(February 11, 2016)—When you think about New Mexico history, most of it has been swept under the rug, as far as mainstream history in concerned. We’re always excited when we find stories that have been dug up, such as this one about the Old Brazito School House….
The Old Brazito School House, built in 1916, is probably the sole survivor of a little known war fought on the afternoon of December 25, 1846. The United States was at war with Mexico and the Battle of Brazito would be the only hostile encounter in New Mexico during the United States goal to achieve the Mexican provinces of New Mexico and California. President James K. Polk had ordered Colonel Stephen W. Kearny to seize New Mexico and to protect the interest of United States traders en route to Santa Fe. Colonel Kearny’s army was made up of the elite First Dragoons and the First Regiment Missouri Mounted Volunteers. The Missouri Mounted Volunteers, totaling 850 men, was commanded by Colonel Alexander Doniphan.
On Christmas Day the Missourians made camp at the old Camino Real campground at a place called Brazito or “Little Arm” on the east bank of the Rio Grande. Not all of Doniphan’s regiment was there as the company was staggered along the trail. Doniphan had given his men “the day off” in celebration of Christmas but that afternoon their peaceful day was interrupted by the Mexican army (estimated total of 700 to 1,000 men) led by General Antonio Ponce de Leon. A battle between the two armies took place but the Mexican army was no match for the seasoned frontiersmen of Missouri and the entire battle lasted no more than thirty minutes.
If the battle of Brazito had been in the Mexican’s favor it would have prolonged the war and perhaps the lower half of New Mexico would not have been annexed by the United States under the terms of the 1848 Treaty of Guadalupe Hidalgo. This small battle played a big part in the United States legal claim to New Mexico.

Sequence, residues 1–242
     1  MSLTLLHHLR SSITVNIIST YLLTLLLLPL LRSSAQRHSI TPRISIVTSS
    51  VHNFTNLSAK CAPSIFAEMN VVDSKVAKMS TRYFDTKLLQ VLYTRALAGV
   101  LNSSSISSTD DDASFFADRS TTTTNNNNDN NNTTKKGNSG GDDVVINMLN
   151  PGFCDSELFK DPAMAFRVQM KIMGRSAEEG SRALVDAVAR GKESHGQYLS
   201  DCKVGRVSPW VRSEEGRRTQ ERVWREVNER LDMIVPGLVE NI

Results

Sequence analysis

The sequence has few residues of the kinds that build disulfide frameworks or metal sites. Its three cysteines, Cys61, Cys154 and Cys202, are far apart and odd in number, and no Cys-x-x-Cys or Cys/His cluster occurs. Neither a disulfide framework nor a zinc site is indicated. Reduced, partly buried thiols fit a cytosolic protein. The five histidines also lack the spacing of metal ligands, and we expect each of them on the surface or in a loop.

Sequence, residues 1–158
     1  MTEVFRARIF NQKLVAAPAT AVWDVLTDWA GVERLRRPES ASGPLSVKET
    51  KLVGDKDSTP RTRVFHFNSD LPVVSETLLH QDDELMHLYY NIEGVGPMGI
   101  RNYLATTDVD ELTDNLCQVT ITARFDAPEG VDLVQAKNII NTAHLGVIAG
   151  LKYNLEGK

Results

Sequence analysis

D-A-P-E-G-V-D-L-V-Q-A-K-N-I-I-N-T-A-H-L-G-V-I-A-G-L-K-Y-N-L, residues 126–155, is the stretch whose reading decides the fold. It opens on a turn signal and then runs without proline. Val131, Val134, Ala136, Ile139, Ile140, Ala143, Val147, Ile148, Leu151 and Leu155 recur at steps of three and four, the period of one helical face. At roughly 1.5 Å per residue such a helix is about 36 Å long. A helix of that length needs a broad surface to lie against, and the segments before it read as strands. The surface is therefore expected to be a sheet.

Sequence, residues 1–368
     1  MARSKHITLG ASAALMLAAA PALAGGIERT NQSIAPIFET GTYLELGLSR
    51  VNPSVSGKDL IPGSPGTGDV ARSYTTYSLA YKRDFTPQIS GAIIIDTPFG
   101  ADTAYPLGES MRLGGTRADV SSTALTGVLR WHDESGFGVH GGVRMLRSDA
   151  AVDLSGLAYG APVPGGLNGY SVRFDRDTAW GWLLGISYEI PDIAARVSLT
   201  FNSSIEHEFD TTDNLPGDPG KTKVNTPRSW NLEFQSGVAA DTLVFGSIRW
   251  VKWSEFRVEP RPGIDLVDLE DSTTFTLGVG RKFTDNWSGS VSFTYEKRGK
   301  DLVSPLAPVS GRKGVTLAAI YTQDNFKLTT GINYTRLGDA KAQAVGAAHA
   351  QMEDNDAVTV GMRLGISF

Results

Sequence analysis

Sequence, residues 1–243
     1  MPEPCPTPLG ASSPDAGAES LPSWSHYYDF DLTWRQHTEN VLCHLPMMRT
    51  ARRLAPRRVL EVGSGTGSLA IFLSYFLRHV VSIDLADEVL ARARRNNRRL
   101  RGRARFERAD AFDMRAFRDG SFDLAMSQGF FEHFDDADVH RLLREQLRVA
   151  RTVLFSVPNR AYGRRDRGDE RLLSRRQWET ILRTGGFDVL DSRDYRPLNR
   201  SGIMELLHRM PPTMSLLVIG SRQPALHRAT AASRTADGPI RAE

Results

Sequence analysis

Over the next seventy years, the Brazito battlefield would turn into a popular farming community and the land would eventually be bought and donated in 1916 by F.M. Gallagher to the state for the purpose of building a school. The only stipulation Mr. Gallaher had was that if the building was no longer used as a school, it would revert back to his heirs. The state agreed and built the Brazito school house which held classes from 1916 to 1939. Then in 1954, it was purchased by the people of the Brazito community from Charles A. Edwards (Gallaher’s sole heir). During this time it was also used to hold church services on Sunday. In 1984, the community of Brazito could no longer maintain the building and it was sold again where it became part of a used car lot and fell to ruin. Then in 2000, George Lee Carver bought the property and restored the Brazito school house back to its original condition. It now houses the offices of Carver Electric Company, Inc.
Dahlstrom, J. From Battleground to Playground to Community Center. A History of the Site of the Battle of Brazito. Research History 111, TSU. Dr. Eichstaedt.
Mangum, N.C. (1997) The Battle of Brazito: Reappraising a Lost and Forgotten Episode in the Mexican- American War. New Mexico Historical Review, Vol . 72, #3.